DHAKA, Bangladesh – Days of heavy rain have hit Rohingya refugee camps in southern Bangladesh, destroying homes and sending thousands to live with extended families or collective shelters.
In the 24 hours leading up to Wednesday afternoon, more than 11.8 inches of rain fell in camps in Cox’s Bazar district which are home to more than 800,000 Rohingya, the UN refugee agency said. . That’s almost half the average July rainfall in a day, and heavier showers are expected in the coming days and the monsoon season spans the next three months.
“The situation is further aggravated by the Covid-19 pandemic. There is currently a strict national lockdown in response to the increase in cases across the country, ”the agency said.
He said six people died in the camps earlier this week – five in a landslide caused by the rains and a child swept away by flood waters.
Citing initial reports, the United Nations High Commissioner for Refugees said more than 12,000 refugees were affected by the heavy rains and around 2,500 shelters were damaged or destroyed. More than 5,000 refugees have been temporarily relocated to shelters or communal facilities for other family members, the agency said in a statement.
Download the NBC News app for the latest news and politicss
Hannah Macdonald, a spokesperson for UNHCR, said in an email that emergency response teams have been deployed to help affected families.
The refugees said they found it difficult to eat and drink properly.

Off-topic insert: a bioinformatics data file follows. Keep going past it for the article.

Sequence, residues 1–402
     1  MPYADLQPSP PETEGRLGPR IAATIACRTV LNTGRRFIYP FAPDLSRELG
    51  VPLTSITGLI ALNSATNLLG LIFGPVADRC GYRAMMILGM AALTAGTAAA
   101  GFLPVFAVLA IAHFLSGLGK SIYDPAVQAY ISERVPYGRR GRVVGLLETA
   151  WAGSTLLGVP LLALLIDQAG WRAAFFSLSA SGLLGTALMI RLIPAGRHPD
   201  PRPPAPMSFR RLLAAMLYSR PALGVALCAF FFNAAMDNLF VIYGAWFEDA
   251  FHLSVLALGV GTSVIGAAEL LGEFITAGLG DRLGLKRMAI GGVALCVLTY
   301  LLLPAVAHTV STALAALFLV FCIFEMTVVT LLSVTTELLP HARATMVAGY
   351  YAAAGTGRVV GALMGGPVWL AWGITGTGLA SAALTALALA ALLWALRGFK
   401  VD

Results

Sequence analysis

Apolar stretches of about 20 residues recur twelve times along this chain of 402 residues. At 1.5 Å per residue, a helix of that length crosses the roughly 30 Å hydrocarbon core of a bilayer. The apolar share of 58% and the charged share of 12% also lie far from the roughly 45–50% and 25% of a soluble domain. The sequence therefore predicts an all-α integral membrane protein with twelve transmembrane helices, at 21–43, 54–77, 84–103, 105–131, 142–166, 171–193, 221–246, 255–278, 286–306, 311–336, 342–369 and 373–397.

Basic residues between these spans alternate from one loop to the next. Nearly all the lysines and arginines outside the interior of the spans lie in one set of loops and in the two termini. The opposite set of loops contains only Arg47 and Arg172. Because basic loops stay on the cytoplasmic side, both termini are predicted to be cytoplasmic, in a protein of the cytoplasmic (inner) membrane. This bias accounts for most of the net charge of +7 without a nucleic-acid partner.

“Due to the continuous rains of the past four days, my house is now full of water,” said Khatija Begum, who has five children. “We can’t even eat. Begum said she feared her children would drown and die in their sleep.
The refugee agency said bad weather, landslides and flooding have further exacerbated the suffering and humanitarian needs of Rohingya refugees in Bangladesh.
Cyclones, heavy monsoon rains, floods, landslides and other natural hazards are an annual difficulty in the camps. More than 700,000 Rohingya have fled to refugee camps in Bangladesh since August 2017, when Myanmar’s predominantly Buddhist army began a harsh crackdown on the Muslim ethnic group following an insurgent attack.
The crackdown included rapes, killings and the burning of thousands of homes, and has been labeled ethnic cleansing by global rights groups and the United Nations. As Bangladesh and Myanmar have sought to organize repatriations, the Rohingya are too afraid to return home.
The International Organization for Migration says Cox’s Bazar district, home to more than one million Rohingya refugees, is one of the most disaster-prone areas in Bangladesh.
It is a river-crisscrossed delta nation that regularly receives intense rainfall due to its monsoon climate and location on the Bay of Bengal, where warm waters can generate destructive tropical cyclones.